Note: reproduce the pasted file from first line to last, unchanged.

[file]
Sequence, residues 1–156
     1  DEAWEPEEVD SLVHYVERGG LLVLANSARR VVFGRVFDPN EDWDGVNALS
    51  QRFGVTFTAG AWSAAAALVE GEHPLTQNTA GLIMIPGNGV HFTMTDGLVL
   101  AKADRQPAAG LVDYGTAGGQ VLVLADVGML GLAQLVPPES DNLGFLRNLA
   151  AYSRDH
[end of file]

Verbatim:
Sequence, residues 1–156
     1  DEAWEPEEVD SLVHYVERGG LLVLANSARR VVFGRVFDPN EDWDGVNALS
    51  QRFGVTFTAG AWSAAAALVE GEHPLTQNTA GLIMIPGNGV HFTMTDGLVL
   101  AKADRQPAAG LVDYGTAGGQ VLVLADVGML GLAQLVPPES DNLGFLRNLA
   151  AYSRDH